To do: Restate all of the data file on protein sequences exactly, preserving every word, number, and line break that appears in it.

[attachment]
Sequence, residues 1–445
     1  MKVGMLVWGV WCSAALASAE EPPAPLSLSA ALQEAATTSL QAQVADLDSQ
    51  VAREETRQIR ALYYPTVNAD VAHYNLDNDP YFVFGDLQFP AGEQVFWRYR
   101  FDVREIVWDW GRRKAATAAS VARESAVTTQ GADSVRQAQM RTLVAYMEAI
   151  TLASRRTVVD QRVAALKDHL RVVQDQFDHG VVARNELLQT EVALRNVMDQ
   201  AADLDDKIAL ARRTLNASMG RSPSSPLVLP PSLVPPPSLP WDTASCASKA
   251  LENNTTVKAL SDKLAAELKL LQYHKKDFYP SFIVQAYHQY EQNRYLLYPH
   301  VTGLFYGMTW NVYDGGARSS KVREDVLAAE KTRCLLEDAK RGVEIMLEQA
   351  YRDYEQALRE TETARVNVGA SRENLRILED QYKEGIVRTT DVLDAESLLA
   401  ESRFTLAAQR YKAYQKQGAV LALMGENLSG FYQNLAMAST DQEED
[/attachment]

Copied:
Sequence, residues 1–445
     1  MKVGMLVWGV WCSAALASAE EPPAPLSLSA ALQEAATTSL QAQVADLDSQ
    51  VAREETRQIR ALYYPTVNAD VAHYNLDNDP YFVFGDLQFP AGEQVFWRYR
   101  FDVREIVWDW GRRKAATAAS VARESAVTTQ GADSVRQAQM RTLVAYMEAI
   151  TLASRRTVVD QRVAALKDHL RVVQDQFDHG VVARNELLQT EVALRNVMDQ
   201  AADLDDKIAL ARRTLNASMG RSPSSPLVLP PSLVPPPSLP WDTASCASKA
   251  LENNTTVKAL SDKLAAELKL LQYHKKDFYP SFIVQAYHQY EQNRYLLYPH
   301  VTGLFYGMTW NVYDGGARSS KVREDVLAAE KTRCLLEDAK RGVEIMLEQA
   351  YRDYEQALRE TETARVNVGA SRENLRILED QYKEGIVRTT DVLDAESLLA
   401  ESRFTLAAQR YKAYQKQGAV LALMGENLSG FYQNLAMAST DQEED